Theatre Review: The Light Princess - National Theatre ✭✭✭✭


Review by Sebastian Petit

9th October 2013: Attending a new musical is always a mixture of excitement and dread: will it be the new “Matilda” or “Les Mis” or, horror, the new “Which Witch” or “Carrie”?! The long birth pangs of Tori Amos and Samuel Adamson’s The Light Princess at the National Theatre (it was announced and then postponed in 2011) meant even more was riding on the opening. So was it a success? I would say that, in the main, yes. There are aspects that need sorting: most notably a long first act with an insufficiently clear narrative thrust and too many false endings. But this is a common fault in musicals with “Miss Saigon” being a particular offender. Like “Saigon” the show is through-sung with almost no spoken word but the score rarely falls into the trap of the repetitiously banal recitative-type lines that so often sink the through-sung oeuvre. “The Light Princess” is not a musical that is about individual numbers so much as the accumulated impact of the score. That said there are moments which stand out: particularly etched in my memory are the anguished prison scene between Althea and her companion Piper that achieved almost unbearable intensity and the grandly operatic grief of King Darius when his child appears to be dying was superbly sung by Clive Rowe. Althea’s hugely demanding number when she believes her lover to be dead is also a standout moment - the Princess was not the only person reduced to tears at this point. However I did find the determination to tie up all the loose emotional ends at the climax of the show to be a touch forced - a more equivocal ending might, perversely, be more satisfying.

But set against this the production and the cast are top notch. The sheer technical slickness of the show, in a production which steadfastly seems to avoid the easier options, is often jaw dropping. One particular example will suffice: the title character spends much of the time airborne. An obvious case for the easy thrills and catastrophic limitations of wire-flying one would think. However, although that option is used on occasion, as often as not the Princess is “flown” by a group of astonishingly adept acrobats. Between them they achieve moves of breathtaking complexity which would be impossible using wires. At several points the Princess is passed up the side of the false proscenium to a height nearing twenty feet but with a sense of ease that is both thrilling and delightful.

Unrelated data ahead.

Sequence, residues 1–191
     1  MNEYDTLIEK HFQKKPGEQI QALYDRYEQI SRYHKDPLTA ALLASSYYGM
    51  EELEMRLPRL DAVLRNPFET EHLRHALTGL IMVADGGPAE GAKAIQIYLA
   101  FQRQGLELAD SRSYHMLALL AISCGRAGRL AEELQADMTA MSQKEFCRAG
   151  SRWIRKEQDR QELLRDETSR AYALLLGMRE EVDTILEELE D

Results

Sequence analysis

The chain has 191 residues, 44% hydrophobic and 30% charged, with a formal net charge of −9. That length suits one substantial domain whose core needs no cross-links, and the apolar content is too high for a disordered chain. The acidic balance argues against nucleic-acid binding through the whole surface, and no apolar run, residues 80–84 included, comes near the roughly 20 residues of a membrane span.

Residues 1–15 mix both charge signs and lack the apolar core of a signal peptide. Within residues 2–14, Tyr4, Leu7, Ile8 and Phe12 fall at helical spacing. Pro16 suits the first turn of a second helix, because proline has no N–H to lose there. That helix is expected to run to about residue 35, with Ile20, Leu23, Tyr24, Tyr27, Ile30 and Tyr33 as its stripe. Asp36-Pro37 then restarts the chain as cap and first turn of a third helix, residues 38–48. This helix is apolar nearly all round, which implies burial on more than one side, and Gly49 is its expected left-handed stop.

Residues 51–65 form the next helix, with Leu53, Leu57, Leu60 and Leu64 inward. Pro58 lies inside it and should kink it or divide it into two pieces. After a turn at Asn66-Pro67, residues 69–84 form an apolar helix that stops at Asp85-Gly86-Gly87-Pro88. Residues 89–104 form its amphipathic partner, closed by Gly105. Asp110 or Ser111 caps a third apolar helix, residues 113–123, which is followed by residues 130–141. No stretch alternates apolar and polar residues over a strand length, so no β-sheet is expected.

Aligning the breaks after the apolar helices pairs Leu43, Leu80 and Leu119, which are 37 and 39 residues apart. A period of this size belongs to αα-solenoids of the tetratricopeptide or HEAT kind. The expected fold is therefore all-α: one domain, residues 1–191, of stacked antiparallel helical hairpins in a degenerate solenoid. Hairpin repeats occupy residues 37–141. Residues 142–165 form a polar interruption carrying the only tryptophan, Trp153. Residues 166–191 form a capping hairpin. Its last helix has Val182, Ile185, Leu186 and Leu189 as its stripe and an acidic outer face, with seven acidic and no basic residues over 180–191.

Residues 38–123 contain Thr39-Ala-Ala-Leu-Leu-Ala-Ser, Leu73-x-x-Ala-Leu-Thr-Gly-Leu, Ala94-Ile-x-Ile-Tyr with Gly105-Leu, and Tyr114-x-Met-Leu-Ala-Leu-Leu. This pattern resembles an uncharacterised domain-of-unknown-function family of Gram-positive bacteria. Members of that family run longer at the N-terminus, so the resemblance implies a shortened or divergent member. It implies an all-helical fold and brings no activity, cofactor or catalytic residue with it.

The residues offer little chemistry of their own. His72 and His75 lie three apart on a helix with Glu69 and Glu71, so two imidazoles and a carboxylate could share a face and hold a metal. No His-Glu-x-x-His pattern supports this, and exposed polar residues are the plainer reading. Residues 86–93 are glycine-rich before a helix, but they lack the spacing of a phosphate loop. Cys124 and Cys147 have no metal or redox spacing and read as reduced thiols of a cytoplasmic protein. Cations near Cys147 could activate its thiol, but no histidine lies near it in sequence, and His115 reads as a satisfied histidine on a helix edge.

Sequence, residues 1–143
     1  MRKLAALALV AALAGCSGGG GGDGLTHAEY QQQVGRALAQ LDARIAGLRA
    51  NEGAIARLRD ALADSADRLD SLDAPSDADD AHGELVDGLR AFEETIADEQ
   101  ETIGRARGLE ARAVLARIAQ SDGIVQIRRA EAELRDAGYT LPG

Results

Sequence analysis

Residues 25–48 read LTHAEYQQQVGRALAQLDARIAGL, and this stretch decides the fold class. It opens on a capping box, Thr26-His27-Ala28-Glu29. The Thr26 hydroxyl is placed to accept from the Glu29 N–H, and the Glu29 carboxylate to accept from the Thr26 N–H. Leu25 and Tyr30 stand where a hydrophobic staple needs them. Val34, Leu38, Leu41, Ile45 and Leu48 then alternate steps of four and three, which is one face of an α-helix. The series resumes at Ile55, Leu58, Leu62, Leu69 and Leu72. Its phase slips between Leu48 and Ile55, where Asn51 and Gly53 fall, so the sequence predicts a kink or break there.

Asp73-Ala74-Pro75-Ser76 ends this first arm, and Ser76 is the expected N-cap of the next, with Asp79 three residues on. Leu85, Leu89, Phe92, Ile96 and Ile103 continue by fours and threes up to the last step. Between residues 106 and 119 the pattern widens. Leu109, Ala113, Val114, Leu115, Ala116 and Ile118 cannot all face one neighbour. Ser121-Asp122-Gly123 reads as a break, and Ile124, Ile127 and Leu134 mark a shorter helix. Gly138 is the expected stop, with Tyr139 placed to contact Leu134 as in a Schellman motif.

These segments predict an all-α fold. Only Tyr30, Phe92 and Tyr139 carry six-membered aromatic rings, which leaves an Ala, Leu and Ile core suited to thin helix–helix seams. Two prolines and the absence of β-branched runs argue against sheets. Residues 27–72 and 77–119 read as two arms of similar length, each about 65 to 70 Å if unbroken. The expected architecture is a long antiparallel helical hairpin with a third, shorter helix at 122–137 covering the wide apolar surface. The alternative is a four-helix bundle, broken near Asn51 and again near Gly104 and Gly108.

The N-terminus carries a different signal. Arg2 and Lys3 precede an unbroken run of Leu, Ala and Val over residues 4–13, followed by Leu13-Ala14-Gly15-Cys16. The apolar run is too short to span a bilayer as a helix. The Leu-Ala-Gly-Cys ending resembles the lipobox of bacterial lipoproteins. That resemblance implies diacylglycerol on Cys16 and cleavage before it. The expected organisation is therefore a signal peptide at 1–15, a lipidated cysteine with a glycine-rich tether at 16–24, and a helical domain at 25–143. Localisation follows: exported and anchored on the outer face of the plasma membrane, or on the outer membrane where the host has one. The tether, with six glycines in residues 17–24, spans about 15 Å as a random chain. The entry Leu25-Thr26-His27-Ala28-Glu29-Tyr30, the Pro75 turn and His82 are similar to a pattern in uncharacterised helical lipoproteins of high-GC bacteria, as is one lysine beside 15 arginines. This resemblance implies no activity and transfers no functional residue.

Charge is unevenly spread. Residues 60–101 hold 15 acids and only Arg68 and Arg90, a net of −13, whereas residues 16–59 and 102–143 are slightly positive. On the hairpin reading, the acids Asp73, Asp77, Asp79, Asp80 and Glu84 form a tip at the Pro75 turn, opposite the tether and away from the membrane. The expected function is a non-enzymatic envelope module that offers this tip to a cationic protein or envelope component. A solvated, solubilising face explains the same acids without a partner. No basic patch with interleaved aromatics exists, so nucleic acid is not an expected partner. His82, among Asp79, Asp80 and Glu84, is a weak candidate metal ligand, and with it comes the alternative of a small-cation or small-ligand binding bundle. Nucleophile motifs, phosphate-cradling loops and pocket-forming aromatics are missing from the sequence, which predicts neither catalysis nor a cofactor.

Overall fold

The fluid and magical designs of Rae Smith are a canny mixture of child-like wonderment and sophisticated wit. They are beautifully lit by Paule Constable. Note should also be made of the clever choreography by Steven Hoggett - I did wonder if the slightly risqué pond lily choreography was consciously channelling Miss Cyrus’ recent foam finger exploits but, either way, it was very funny.

Leading a universally strong cast, Rosalie Craig, in the enormous role of Althea, deserves to be hailed as a major star. Tirelessly and beautifully sung, the role also requires her to perform while constantly manipulated by her acrobatic flying team. Craig never falters and makes a character that could, in the wrong hands, be grating and implausible a constantly sympathetic and credible presence. Nick Piper has a more difficult task as her princely lover, Digby, as the character must, inevitably, play second fiddle to Althea. He manages well but this role is one area which could do with some tweaking if the musical is to transfer to either the West End or Broadway.

I have already mentioned Clive Rowe’s finely drawn Darius - it was good to see him playing against type in an initially unsympathetic role. Also, making much of more limited opportunities, Hal Fowler’s irredeemably evil King Ignacio provided a strong antagonist and Amy Booth Steel a constant voice of sense and a sympathetic presence as Piper.

Despite some faults “The Light Princess” is an exciting music theatre debut for Amos and Adamson which deserves a life beyond the subsidised theatre.

4 stars ✭✭✭✭

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